Dubbed "Islam's biggest rock star", part-time Sharjah resident Sami Yusuf spoke to The National this week about how his music can help everyone, not just Muslims, see beyond the superficial and how he hopes this time of hardship will lead to a "global awakening".
Abu Dhabi Music and Arts Foundation's (Admaf) Ramadan series will close on a spiritual high as British singer and composer Sami Yusuf performs on Wednesday, May 13. He will be in the UAE, while his band will log on from across Turkey and the UK for what is bound to be a soul-enriching performance.
The pre-recorded concert, Journey of Solidarity, will be streamed on Admaf's Facebook page, and will feature the debut performance of his soaring track The 99 Names, a piece based on the Islamic principle that God has 99 divine attributes.
Yusuf reveals the track was produced with the help of Oscar-winning Indian composer AR Rahman and members of his family. The South Indian musician's daughters Khatija and Rahima Rahman and sisters Reihana and Israth Qadri provided backing vocals.
Running at more than eight minutes, the track is described by Yusuf as meditative and not aimed at a solely Muslim audience.
“Just as with Gregorian chants, Buddhist chants, and the other sacred chants that are appreciated by people outside their own traditions, I wanted the meditative quality of this work to appeal to people of all faiths and people of no faith,” he says.“I wanted it to be strong and melodic and to have a correlation between the meanings of the names and the melody. And as a soundscape, even without comprehending the language, I wanted it to be heard beyond a Muslim audience as a beautiful piece of meditation music. Most importantly, I poured my heart into making this composition somehow worthy of the names.”
The 99 Names of Allah is something many Muslims have a passing knowledge of, what do you hope they take from the song?
These names have been given to us so that, by contemplating them in our minds, which are limited, we can perceive something of the limitless. I wanted to share the sound of these names with my audience because they [the names] are so beautiful to the heart as well as to the ear.
As for truly realising the depths of their meaning, to fully immerse in even just one of these names has been the goal of sages and mystics for centuries. I’d consider my goal in this piece fulfilled if just a few listeners hear the subtlest hint of the vastness and beauty they contain.
Which of the 99 Names do you find particularly resonating during these times?
I would definitely say the names: Ar-Rahman, Ar-Rahim, which mean The Compassionate, The Merciful and Ar-Ra'uf, The Kind, and Al-Afu, The Forgiving. They resonate for me strongly at this time.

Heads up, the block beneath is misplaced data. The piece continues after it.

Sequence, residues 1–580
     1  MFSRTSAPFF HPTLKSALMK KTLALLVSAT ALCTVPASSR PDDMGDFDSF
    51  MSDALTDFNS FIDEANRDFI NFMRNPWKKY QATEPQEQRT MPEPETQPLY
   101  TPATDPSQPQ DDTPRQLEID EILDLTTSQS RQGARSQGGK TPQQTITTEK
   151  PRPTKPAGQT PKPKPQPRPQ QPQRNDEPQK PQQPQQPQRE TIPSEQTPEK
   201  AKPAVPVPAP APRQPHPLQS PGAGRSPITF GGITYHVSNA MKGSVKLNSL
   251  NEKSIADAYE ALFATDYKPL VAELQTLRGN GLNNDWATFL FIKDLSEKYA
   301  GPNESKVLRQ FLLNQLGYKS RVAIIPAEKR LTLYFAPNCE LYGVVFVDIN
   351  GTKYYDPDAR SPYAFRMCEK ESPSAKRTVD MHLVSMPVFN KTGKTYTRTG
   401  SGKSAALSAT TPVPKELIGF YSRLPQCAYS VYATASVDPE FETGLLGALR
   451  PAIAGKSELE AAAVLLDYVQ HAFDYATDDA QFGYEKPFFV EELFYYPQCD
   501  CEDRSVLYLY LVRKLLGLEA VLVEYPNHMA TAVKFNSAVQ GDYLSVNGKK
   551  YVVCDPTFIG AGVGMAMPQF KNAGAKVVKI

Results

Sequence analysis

I feel the world is calling out for these qualities now.
We are living in trying times. In such a situation, what role does art have play?
For me, music – by that I mean the traditional music that inspires my compositions and performances almost exclusively now – is a way to connect to our truest selves.
At its best, it can remind us that there’s a reality beyond this ephemeral reality, and it can do that because there is an echo of the eternal at its heart. It’s getting to that recognition that I want to be part of through my craft.
I think that’s the opposite of escapism. I’d like my art to heighten the perceptions of my listeners as it immerses them, at least temporarily, in a world more real than the ordinary world of superficiality.
For many of us, this Ramadan has been unlike any other. How has the experience of the holy month, so far, been for you?
I was recording in the UAE when the shutdowns started. I haven’t left my studio for two months. My time has been spent composing and recording, and in that way it’s been a blessing.
I’ve found that the quietening of the outer world has been an aid to reflection and contemplation. But I am painfully aware of the sufferings that so many are undergoing, as well as the heroic work being done by the medical practitioners to keep us healthy and all those who are making the wheels of life turn for the rest of us.
When we emerge from this experience, what changes would you like to see in the world?
It’s my great hope that when we look back at 2020 it will be seen as the year of global awakening: a time of hardship that drew peoples together, a time that the negative aspects of tribalism were set aside and replaced by the unified dreams of a true global village.
A Sami Yusuf performance is renowned for its air of intimacy. Will it be a challenge to maintain that atmosphere in an online concert?
I don’t think it will be a problem. It’s in the nature of a live online performance to have an intimate feel.
Technically it will be very challenging, but I’m really looking forward to this event. Unlike some of the major performances I’ve given recently with large orchestras, there will be just six of us in various locations. It promises to be very exciting.
Finally, what is next for Sami Yusuf?
Although I don't ordinarily work during Ramadan, I find myself in an especially intensely creative period. I'm composing music for an event in Amsterdam called When Paths Meet, where I will conduct the choral ensemble Cappella Amsterdam, the Amsterdam Andalusian Orchestra, and my own group in a concert at the Holland Festival, Europe's oldest arts festival.
The event has been postponed due to Covid-19, but we expect to perform it later this year.
In addition to The 99 Names release, there are several other musical projects I'm currently involved in, including my Ecstasy album, which will explore the musical heritage of the Islamic world, and the album that I will be making from the ADMAF performance.
Sami Yusuf performs on Wednesday, May 13 at 9.30pm on the Abu Dhabi Music and Arts Foundation Facebook page.